plastics are not normally considered for this service. like Alloy 26-1. Therefore. downloaded on 8/24/2011 4:13:18 PM . such as sulfuric acid catalyzed esterification reactions.Invoice INV-475575-QJVHQQ. This suggests that zirconium is a good candidate material for the distillation portions of formic acid plants. in which the acid concentration and the temperatures are both high. C-276 and C-4 (N06455) have shown outstanding resistance to formic acid in process equipment and are reported to have very good resistance even at temperatures above the atmospheric boiling point.. As is to be expected. even when the acid is contaminated with metal salts or iodine. Alloy 29-4-2 ($44800) which contains 4% Mo did not corrode in boiling 45% formic acid. Alloy 625 (N 10625) contains only 9% Mo and should be expected to be somewhat less corrosion resistant than Alloy C-276 but is so similar in resistance as to be useable in all but the most severe of services. the Alloy B is not better than the Alloy C types when strongly oxidizing conditions prevail.g. even slightly. because Alloy B usually costs more. While titanium will resist acetic acid under almost all conditions to the boiling point. High-Nickel Alloys. Weld overlays of Alloy 20Cb3 have proven partially successful for solving this problem. in those services that are very reducing. When the titanium does corrode. Notice that Figure 5 also shows a zone of higher corrosion for Alloy B-2. copying and networking prohibited. Titanium. In laboratory tests.Single-user license only. the Alloy B should be superior to the Alloy C . threaded connections). The super ferritics. Alloy 6XN. Several of the high nickel alloys such as Alloys B-2. approaching the anhydrous state. hydriding of the metal occurs and loss of ductility results. Alloy B (N 10001) sometimes exhibits lesser corrosion resistance in intermediate strengths than Alloy C but. Alloy 20Mo-6 (N08026). which is good with all concentrations to about 35 ° C The fluorocarbon plastics are resistant to their normal temperature limitations. pure formic will corrode titanium at the boiling point in all concentrations above 10%. Alloy B is often the better choice. N08367) should be even better than the Alloy 20Cb3 which contains only 2-3% Mo. The chromium-molybdenum-nickel alloys are all similar to the Alloy C and B alloys. which have a temperature limitation of about 93°C. except as coatings.02 mm/y.Under gaskets and in other occluded areas (e. Corrosion data for Alloy C (N10002) are shown in Figure 52°. 22 Non Metallics. . Commercially pure zirconium exhibits very good resistance to boiling formic acid with rates below 0. However. A 6% Mo version of the 20-type alloy is now available. Zirconium. The superaustenitic alloys containing 6% molybdenum (e. it will resist formic acid only under strongly oxidizing conditions. appear to have exceptional corrosion resistance to formic acid in preliminary laboratory studies and plant usage. is not often selected. 21 A titanium heat exchanger disappeared in less than one day when strong conditions. Tingyue Gu . which makes it very destructive to most organic materials and coatings. had been encountered in a distillation system. Titanium exhibits borderline passivity in formic acid and under normal conditions. An exception is polyethylene. Formic acid is an excellent solvent.g. and it should definitely be considered for tubing for heat exchangers handling formic acid. In services where contamination from sodium chloride or other halogens is possible. Type 316L stainless steel sometimes undergoes crevice corrosion.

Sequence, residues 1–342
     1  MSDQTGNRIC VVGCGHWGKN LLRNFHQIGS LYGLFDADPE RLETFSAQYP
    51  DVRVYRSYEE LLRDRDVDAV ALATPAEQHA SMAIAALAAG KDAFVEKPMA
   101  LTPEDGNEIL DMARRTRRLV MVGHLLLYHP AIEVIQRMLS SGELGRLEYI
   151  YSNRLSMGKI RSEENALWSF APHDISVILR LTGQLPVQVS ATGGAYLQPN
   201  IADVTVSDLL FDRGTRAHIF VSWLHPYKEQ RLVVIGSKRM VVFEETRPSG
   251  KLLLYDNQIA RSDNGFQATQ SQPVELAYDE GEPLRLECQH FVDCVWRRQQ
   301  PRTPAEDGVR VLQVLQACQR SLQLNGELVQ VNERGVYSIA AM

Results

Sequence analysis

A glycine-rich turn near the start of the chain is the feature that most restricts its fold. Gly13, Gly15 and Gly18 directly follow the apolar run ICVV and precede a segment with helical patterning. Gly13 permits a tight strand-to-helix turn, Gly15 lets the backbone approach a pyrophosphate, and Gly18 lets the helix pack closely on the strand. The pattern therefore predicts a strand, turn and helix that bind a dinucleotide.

6 mm/y in pure propionic acid at room temperature and at much higher rates in aqueous solutions of the acid. kU I-- 20 I 0 20 40 I 60 PERCENT. FORMIC ACID I 80 I 100 ALLOYS USED TO HANDLE PROPIONIC ACID Propionic acid or methyl acetic acid boils at 141.20 mm per year / /- BOIUNG POINT CURVE 100 d t/) 144 uJ 60 u~ uJ D. As with formic and acetic acid.ALLOY C-276 (N10276) AND ALLOY B-2 (N10665) IN FORMIC ACID 2° 0. Copper and Copper Alloys. Steel. copying and networking prohibited. neoprene and butyl rubbers are resistant at ambient temperatures and fluoroelastomers to about 50°C. Copper and copper alloys containing not more than 15% zinc will handle propionic acid in all concentrations.4°C and is water-soluble. FIGURE 5 . Therefore. but this is believed to be an anomaly caused by incomplete deaeration of the solution since propionic acid been routinely handled in copper lined equipment. high rates are possible. .. downloaded on 8/24/2011 4:13:18 PM .Hard rubber. The data shown in Figure 7 indicates attack on copper in boiling 100 percent propionic acid. copper and its alloys are satisfactory only if the solutions are completely deaerated and do not contain other oxidizing agents. Rubber linings can be used for storage if discoloration of the acid is not a matter of concern. Tingyue Gu . Aluminum will resist 100% propionic acid at room temperature but becomes unacceptable at about 80°C. steel has very limited usefulness in this service. It is a weaker acid than acetic but otherwise very similar to acetic acid.Single-user license only. Like acetic acid. if the propionic acid is contaminated with anhydride or heavy metal ions. Aluminum. Steel is attacked at rates of about 0.Invoice INV-475575-QJVHQQ. The corrosion diagram displayed in Figure 6 23 shows that the attack is very similar acetic acid.